Gennadiy Golovkin has known of Sergiy Derevyanchenko for more than a decade.
He doesn’t expect any past—or lesser—version to show up for their upcoming fight.
“I know him, I remember him from 2008, he represented the national Ukraine team,” Kazakhstan’s Golovkin (39-1-1, 35KOs) noted of his forthcoming rival, whom he will face for a vacant title on Oct. 5 at Madison Square Garden in New York City. “He came to Germany for sparring. He came to Kazakhstan for the World Series of Boxing (2012-14). He looks good.”
Their upcoming clash—which will stream live on DAZN—will mark Golovkin’s seventh overall appearance on MSG grounds and fifth in the main room, including his 4th round knockout of Steve Rolls in June along with three previous title fights during his record-tying reign atop the middleweight division, which came to an end following a disputed 12-round loss to Saul ‘Canelo’ Alvarez in their rematch last September.
Derevyanchenko (13-1, 10KOs)—a 2008 Olympian for Ukraine who now lives and trains in Brooklyn, New York—makes his second attempt at a major title, coming up just short in a split decision defeat to stablemate Daniel Jacobs last October at MSG’s Hulu Theater.
That particular bout came under unusual circumstances for the now-33 year old middleweight contender. Because he and Jacobs share the same training and management team, hard choices were made as to who would serve in which corner. Head trainer Andre Rozier chose Jacobs due to their lengthier relationship, leaving Derevyanchenko to train with and take fight night instructions from assistant trainer Gary Stark Sr., who took the lead on fight night.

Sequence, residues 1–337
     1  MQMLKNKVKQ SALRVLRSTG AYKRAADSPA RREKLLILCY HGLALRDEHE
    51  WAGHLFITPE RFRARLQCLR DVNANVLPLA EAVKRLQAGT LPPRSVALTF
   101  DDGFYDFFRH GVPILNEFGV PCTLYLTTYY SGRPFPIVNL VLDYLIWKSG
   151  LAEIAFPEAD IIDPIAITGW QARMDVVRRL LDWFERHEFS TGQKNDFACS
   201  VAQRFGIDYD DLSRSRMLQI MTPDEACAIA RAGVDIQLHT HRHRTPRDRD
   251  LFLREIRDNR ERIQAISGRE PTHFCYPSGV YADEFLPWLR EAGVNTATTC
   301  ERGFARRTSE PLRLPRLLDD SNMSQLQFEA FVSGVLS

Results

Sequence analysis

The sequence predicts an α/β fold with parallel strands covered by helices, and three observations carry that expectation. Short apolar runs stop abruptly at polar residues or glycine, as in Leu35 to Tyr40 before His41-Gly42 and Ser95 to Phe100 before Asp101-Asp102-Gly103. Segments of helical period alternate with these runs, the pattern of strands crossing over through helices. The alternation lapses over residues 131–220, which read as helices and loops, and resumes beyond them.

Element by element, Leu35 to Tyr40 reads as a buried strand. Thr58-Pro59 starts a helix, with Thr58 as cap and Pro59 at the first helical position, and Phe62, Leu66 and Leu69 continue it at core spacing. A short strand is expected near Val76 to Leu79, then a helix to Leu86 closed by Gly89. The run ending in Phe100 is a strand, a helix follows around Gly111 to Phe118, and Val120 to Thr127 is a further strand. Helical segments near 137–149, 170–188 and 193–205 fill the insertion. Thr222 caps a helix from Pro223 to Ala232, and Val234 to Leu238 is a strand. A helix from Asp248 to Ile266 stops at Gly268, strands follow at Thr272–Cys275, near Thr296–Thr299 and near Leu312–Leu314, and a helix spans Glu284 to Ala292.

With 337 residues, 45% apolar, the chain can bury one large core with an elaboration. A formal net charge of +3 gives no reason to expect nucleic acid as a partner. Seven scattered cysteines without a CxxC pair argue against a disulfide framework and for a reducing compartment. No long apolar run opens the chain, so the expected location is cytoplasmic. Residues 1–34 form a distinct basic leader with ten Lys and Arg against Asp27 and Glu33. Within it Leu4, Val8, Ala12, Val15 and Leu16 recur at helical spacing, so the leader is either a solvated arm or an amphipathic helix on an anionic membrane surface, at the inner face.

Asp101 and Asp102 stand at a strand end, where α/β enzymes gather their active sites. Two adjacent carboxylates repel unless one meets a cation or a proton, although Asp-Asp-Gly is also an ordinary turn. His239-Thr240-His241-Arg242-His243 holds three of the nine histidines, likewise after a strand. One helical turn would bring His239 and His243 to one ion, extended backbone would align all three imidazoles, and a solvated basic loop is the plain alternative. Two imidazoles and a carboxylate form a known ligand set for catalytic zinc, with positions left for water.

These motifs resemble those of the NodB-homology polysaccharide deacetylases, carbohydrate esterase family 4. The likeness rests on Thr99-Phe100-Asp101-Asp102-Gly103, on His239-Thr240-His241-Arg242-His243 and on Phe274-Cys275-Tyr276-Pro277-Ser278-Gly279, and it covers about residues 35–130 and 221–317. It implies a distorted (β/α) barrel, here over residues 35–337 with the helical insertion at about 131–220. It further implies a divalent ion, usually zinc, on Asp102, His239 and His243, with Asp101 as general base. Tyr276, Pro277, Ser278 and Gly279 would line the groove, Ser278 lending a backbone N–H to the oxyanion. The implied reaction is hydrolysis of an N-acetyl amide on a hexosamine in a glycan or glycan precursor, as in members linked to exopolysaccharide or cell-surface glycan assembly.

“I thought it was a good fight, a tooth and nail fight,” notes Johnathon Banks, a former cruiserweight contender who has taken over the training reins for Golovkin. “I think the knockdown saved the fight for Jacobs. That was the gap on the scorecards, that knockdown.”
Jacobs was awarded a 115-112 final tally on two of the three official scorecards. The dissenting judge scored it 114-113 in favor of Derevyanchenko, who rebounded from the lone loss of his career with a 12-round win over Germany’s Jack Culcay in their title eliminator this past April. It marked his first win in more than a year, but more importantly his first full camp back with the entire team in tow.
“Right now, they have a different coach (than from the Jacobs fight). He’s back with Andre Rozier,” notes Golovkin.
Jake Donovan is a senior writer for BoxingScene.com. Twitter: @JakeNDaBox